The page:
City is Set to Land Directly Elected Mayor

Eoghan Dalton Reports

News that Waterford may get a directly elected Mayor has been greeted with a mixed response from current and previous Mayors. It comes after South Kilkenny based Minster of State John Paul Phelan (FG) announced that the Government agreed in principle to holding a vote on whether Waterford, Cork, Limerick and Galway would potentially gain Mayors with executive functions, such as greater control over budgets and transport.The plebiscites, to be held aforementioned area, are to be held at the same time as the Local Government Elections in May 2019. Currently Mayors are chosen through the pact system, whereby political parties and independents form alliances to create a majority on the Council.

The Programme for Government included a section calling on the Government and the Oireachtas to seek potential measures to boost local government leadership and to consider directly elected mayors for cities. The paper outlines two main options for the enhancement of the role of local authority mayors, namely: directly elected Mayors, without additional functions but based on the current role performed by Cathaoirligh/Mayors/Lord Mayors of local authorities; Executive Mayors, whose functions would include both existing Cathaoirleach/Mayor functions and executive functions currently residing with the chief executives of local authorities, and who could be either elected directly by the electorate or indirectly from among the elected members of the Council; Further detailed proposals on the plebiscites and the questions to be put to the electorate, as well as the specific powers to be given to Executive Mayors, are to be brought to Government in the coming months.

City & County Mayour Declan Doocey(FG) pictured with Jo Creegan (WDN Committee) at the Official Opening of Waterford Disability Networks at New Street

City & County Mayour Declan Doocey(FG) pictured with Jo Creegan (WDN Committee) at the Official Opening of Waterford Disability Networks at New Street

The news was welcomed by Minster Phelan’s party colleague, Cllr John Cummins, who has served as Mayor of Waterford on more than one occasion. Speaking on social media, he said it would give a chance for everyone to voice their opinion, while noting that the office would need “significant executive power and budget” to work correctly. Waterford currently has an overall Mayor of Waterford, introduced as part of the 2014 amalgamation, while Waterford City and its environs has a Metropolitan Mayor. The latter is a continuation of the previous Mayor of Waterford City title and has lead to controversy as many City Councillors believe it has been derided in favour of the overall Mayoral title. Cllr Cummins believes a directly elected Mayor would put a stop to the confusion surrounding the positions.

Former Metropolitan Mayor Cllr John Hearne (SF) is also in favour of Minster Phelan’s move. In a statement, he said he has long been in favour of a directly elected Mayor with executive powers ahead of the current Council Chief Executives. He added: “Who is afraid of democracy? Who would not like to have a Mayor directly elected with executive powers with a budget to match and the freedom to make decisions to improve the wellbeing of all the citizens who elected you and who can fire you? “The pact system is a disgrace, for too long Councillors have been electing their friends, cousins and party members. Let’s for once let the people decide. Cllr Davy Welsh (Workers Party), who gave sterling service for 40 years, was never elected Mayor because of the pact system. [He] might have been elected by the people, let’s find out and let the people vote.”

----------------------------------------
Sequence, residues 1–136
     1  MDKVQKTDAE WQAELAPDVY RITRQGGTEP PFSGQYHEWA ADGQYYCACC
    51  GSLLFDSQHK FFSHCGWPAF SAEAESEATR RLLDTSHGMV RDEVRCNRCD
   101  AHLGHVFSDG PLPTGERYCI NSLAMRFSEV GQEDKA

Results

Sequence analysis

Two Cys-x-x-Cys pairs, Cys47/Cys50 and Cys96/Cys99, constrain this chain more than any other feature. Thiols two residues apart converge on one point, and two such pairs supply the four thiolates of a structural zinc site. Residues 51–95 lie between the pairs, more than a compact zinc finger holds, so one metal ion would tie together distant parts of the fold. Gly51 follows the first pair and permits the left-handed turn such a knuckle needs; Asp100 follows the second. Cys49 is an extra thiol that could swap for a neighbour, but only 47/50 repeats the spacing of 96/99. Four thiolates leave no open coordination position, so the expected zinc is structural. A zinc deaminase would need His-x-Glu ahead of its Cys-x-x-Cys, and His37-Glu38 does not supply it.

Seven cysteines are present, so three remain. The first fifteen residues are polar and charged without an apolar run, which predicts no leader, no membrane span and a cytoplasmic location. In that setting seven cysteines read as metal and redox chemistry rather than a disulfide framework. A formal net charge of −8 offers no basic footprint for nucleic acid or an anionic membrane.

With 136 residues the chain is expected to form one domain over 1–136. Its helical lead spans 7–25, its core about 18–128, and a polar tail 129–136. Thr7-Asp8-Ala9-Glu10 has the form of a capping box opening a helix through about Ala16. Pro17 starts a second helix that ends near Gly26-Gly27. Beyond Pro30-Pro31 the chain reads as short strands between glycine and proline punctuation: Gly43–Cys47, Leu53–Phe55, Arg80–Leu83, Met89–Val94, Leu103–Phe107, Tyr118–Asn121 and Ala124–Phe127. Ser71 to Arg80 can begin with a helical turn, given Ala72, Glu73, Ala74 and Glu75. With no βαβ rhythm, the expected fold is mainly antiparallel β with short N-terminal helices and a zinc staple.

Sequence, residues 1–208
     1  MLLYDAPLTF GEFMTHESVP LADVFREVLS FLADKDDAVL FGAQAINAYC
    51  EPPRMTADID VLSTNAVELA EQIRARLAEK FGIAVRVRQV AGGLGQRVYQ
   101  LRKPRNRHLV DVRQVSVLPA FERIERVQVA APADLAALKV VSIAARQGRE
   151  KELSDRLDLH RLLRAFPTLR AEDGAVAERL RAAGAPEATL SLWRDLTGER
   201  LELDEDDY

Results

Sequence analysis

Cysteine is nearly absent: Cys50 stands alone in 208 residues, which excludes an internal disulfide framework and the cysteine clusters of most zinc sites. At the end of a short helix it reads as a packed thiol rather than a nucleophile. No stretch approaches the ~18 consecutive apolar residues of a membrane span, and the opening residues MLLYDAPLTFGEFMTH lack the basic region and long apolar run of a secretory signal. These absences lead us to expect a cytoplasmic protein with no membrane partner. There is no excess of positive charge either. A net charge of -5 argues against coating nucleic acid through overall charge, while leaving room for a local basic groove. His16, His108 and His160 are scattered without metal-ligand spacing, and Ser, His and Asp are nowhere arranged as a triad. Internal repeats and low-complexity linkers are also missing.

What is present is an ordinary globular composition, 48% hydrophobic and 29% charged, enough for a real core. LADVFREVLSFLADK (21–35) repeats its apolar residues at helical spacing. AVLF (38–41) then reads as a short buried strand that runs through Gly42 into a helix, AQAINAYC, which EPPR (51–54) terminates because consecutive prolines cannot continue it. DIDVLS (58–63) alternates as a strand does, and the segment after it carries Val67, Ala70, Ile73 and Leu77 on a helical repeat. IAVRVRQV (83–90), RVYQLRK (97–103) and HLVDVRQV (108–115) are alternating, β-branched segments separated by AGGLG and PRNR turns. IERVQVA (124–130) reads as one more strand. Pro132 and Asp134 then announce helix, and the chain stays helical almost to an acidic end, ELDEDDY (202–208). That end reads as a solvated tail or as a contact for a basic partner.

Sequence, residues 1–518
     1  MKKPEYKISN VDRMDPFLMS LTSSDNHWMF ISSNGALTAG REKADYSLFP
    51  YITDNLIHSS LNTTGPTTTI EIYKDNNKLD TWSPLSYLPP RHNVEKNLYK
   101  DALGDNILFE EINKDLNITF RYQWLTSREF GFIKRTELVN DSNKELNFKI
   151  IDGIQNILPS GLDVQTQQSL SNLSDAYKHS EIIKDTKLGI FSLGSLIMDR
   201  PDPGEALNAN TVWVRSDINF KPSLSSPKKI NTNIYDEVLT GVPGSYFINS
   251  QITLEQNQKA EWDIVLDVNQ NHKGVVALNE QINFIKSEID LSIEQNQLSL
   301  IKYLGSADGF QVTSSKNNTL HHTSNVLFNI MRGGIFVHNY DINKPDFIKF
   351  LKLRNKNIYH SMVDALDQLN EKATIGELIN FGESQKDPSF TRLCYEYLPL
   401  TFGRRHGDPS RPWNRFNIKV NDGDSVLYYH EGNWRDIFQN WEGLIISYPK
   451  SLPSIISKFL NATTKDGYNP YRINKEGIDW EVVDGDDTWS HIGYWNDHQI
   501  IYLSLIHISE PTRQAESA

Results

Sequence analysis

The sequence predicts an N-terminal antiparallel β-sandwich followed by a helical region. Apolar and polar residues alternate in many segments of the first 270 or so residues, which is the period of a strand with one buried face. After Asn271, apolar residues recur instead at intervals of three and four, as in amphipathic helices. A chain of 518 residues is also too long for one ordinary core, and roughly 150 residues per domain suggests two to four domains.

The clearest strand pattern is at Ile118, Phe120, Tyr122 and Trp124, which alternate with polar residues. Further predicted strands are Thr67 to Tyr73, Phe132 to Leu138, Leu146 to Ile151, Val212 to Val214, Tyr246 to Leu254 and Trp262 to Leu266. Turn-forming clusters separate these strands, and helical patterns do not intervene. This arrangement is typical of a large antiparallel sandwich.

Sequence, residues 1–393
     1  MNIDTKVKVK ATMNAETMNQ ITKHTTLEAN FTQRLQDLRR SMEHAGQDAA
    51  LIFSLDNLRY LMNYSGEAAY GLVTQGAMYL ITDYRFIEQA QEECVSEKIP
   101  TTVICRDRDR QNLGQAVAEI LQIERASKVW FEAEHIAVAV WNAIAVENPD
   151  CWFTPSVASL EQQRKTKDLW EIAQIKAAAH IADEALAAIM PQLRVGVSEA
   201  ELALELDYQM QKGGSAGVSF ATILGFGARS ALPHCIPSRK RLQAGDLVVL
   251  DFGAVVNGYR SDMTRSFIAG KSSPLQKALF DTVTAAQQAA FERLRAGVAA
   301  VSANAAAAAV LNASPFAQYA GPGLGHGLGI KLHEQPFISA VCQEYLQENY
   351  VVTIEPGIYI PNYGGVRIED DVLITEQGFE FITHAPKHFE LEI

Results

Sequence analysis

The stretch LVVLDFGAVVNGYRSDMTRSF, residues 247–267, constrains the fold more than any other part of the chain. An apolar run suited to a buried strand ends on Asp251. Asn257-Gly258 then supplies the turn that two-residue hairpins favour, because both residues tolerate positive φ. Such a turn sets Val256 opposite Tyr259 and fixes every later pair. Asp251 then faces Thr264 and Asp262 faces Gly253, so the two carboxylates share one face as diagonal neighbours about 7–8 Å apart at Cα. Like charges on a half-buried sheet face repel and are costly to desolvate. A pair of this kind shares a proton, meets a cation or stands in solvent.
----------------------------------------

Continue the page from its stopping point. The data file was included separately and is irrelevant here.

The decision was, however, disputed by a number of Councillors, including another former Metropolitan Mayor, Cllr Eamon Quinlan (FF). He said he is “supportive of it in principle” but believes it needs to avoid becoming a “popularity contest of no substance” by providing the Mayor with strong executive powers. The current Metropolitan Mayor Cllr Joe Kelly (Ind) feels there needs to be greater detail of the term length the new Mayor could serve, such as whether they would be in office for one year as they are now, or if they could serve for the full five years a Council sits. “I can’t give a more detailed answer until the full details are set out,” he told The Munster Express.Cllr Joe Conway (Ind) was more cutting. “I can’t even begin to speculate what planet this Junior Minister inhabits,” he said, adding that the “proposals are undercooked, probably not even quarter-baked”.

He said WCCC has “not yet got to grips with the organisational convulsions” caused by former Minister for Local Government Phil Hogan’s reforms earlier this decade and that the problem of a directly elected Mayor would lie with funding:“My take on it is, it’s more about self-promotion than Waterford promotion, and smacks heavily of dilettantism.
“But – if you examine the rubrics of directly-elected Mayors in other areas of Europe – the unerring fundamental is that their success all depends on funding – in other words, it all comes down to dough.“There is much evidence to indicate that this will always be in short order in Irish local government.”

The issue of directly elected mayors for Dublin, meanwhile is to be referred for more detailed consideration and citizen engagement to a Dublin Citizens’ Assembly to be specially convened in 2019. This is due to the Dublin area being made up of four Councils, while a merger in 2021 is expected to take place with Galway’s two Councils in the city and county.

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